Finally, the Third Circuit found the scope of the patent test inconsistent with policies underlying the Hatch-Waxman Act because “in passing the Hatch-Waxman Act, Congress drew a careful line between patent protection and the need to provide incentives for competition in the pharmaceutical industry.” Id. at 31. This line, the court held, “strongly supports the application of rule of reason scrutiny of reverse-payment settlements” so that a patent holder cannot “pay its potential generic competitors not to compete.” Id.
Reversing the district court’s grant of summary judgment to defendants, the Third Circuit held that, instead of the scope of the patent test, reverse-payment settlements should be subject to “quick-look” antitrust scrutiny under the rule of reason. The court set forth the nature of that scrutiny as follows:
[T]he finder of fact must treat any payment from a patent holder to a generic patent challenger who agrees to delay entry into the market as prima facie evidence of an unreasonable restraint of trade, which could be rebutted by showing that the payment (1) was for a purpose other than delayed entry or (2) offers some pro-competitive benefit.
Id. at 33. The court noted that a patent holder may rebut the plaintiff’s prima facie case by “arguing that there is in fact no reverse payment because any money that changed hands was for something other than a delay in market entry” or because the “reverse payment increases competition.” Id. However, the patentee cannot avoid liability by claiming that it would have prevailed in the patent litigation. The Third Circuit held that, where a settlement includes a reverse payment, “there is no need to consider the merits of the underlying patent suit,” because in these circumstances “it is logical to conclude that the quid pro quo for the payment was an agreement by the generic to defer entry beyond the date that represents an otherwise reasonable litigation compromise.” Id. at 33.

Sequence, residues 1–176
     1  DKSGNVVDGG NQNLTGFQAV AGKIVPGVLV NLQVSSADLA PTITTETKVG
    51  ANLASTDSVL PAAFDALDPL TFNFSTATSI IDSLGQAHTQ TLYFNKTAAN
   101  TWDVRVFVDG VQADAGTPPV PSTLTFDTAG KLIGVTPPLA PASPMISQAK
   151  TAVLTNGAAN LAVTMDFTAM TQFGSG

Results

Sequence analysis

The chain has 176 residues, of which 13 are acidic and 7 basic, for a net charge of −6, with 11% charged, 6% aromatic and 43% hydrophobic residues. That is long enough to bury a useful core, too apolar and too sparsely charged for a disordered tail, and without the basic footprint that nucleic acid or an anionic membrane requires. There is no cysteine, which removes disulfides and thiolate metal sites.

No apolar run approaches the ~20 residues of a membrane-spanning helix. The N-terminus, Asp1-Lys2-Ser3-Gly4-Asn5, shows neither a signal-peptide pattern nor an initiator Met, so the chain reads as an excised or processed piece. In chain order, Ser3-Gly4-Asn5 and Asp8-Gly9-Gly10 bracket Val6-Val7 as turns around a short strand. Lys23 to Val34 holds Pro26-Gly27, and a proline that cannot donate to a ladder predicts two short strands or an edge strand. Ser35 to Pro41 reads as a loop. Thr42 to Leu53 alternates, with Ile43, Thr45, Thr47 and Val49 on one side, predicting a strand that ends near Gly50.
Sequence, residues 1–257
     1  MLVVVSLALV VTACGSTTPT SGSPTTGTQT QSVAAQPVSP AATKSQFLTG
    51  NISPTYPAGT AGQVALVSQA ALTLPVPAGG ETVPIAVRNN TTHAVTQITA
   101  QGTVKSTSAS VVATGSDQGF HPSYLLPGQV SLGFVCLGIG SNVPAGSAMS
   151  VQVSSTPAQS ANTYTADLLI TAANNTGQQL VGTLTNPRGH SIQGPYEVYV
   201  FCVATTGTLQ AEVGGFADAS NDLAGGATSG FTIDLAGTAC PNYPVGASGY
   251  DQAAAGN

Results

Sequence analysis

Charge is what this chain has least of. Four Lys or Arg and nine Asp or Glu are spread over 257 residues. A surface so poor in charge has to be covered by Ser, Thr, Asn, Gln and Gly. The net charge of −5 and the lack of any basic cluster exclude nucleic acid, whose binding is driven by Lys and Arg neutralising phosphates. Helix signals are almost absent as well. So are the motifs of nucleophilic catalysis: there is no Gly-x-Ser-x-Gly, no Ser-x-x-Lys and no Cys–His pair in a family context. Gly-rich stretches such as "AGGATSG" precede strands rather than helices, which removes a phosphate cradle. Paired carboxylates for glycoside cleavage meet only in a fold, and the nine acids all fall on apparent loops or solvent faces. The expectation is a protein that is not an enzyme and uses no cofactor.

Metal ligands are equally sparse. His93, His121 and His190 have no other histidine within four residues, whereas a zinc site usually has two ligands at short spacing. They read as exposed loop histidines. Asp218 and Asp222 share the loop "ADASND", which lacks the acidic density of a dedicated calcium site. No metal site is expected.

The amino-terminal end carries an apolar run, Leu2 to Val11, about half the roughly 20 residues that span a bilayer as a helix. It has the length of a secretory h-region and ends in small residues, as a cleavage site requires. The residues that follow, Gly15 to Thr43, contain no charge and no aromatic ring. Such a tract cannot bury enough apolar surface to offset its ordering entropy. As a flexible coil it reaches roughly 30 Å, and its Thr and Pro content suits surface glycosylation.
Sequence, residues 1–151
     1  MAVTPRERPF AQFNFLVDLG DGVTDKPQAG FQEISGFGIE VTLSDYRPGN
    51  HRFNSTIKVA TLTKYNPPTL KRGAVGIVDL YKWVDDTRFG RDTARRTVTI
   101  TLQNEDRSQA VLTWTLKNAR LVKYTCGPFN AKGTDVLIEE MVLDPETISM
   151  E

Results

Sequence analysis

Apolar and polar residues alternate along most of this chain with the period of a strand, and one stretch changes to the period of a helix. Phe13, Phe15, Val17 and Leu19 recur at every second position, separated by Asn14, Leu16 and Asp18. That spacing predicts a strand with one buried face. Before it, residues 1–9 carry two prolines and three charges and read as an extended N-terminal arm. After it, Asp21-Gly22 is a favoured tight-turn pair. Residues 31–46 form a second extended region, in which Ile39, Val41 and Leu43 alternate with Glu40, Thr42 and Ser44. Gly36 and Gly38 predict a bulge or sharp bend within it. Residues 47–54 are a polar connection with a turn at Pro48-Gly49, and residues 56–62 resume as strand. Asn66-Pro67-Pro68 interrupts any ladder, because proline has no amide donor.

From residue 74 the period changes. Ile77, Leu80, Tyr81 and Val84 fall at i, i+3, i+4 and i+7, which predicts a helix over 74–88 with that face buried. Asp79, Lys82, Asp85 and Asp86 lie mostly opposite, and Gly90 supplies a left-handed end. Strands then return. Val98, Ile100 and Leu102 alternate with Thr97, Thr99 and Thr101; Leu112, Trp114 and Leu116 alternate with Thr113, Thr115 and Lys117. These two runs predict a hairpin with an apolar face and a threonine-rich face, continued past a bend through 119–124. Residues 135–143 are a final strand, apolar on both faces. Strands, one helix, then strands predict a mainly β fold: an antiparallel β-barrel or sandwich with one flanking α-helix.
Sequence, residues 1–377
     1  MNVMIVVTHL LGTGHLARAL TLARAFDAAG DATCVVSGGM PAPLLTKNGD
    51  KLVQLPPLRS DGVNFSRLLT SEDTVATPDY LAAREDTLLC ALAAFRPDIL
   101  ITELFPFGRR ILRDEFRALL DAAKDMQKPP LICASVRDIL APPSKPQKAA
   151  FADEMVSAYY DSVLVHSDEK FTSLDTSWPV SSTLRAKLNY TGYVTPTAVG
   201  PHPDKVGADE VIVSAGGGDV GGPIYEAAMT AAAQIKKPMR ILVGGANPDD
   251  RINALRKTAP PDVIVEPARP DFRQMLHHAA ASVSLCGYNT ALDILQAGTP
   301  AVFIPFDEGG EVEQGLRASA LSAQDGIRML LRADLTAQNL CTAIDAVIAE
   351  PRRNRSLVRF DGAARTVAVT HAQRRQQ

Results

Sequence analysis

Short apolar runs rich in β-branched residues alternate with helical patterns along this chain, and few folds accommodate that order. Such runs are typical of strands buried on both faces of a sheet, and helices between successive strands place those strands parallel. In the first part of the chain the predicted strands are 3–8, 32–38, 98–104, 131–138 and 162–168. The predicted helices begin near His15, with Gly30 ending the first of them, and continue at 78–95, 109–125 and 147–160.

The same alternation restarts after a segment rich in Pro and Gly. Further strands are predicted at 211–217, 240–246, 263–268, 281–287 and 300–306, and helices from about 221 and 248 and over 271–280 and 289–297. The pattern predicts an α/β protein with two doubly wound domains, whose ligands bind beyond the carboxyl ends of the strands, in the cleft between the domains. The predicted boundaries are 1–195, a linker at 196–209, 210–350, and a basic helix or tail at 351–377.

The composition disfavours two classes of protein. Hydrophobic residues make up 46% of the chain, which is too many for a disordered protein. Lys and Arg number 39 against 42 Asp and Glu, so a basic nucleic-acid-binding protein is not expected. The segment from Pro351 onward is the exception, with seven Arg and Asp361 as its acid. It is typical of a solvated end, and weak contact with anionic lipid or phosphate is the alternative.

The K-Dur decision has broad implications for the settlement of Hatch-Waxman patent litigation, particularly in light of the large number of branded pharmaceutical companies located in New Jersey, a Third Circuit jurisdiction. Careful analysis and consideration of the specific provisions of any settlement will be required going forward to avoid subjecting the settling parties to attack by the FTC or class action plaintiffs. However, given the disagreement between the Third Circuit and the other circuits that have addressed reverse-payment settlements, the Supreme Court may soon consider the issue, either in K-Dur or another case that presents it.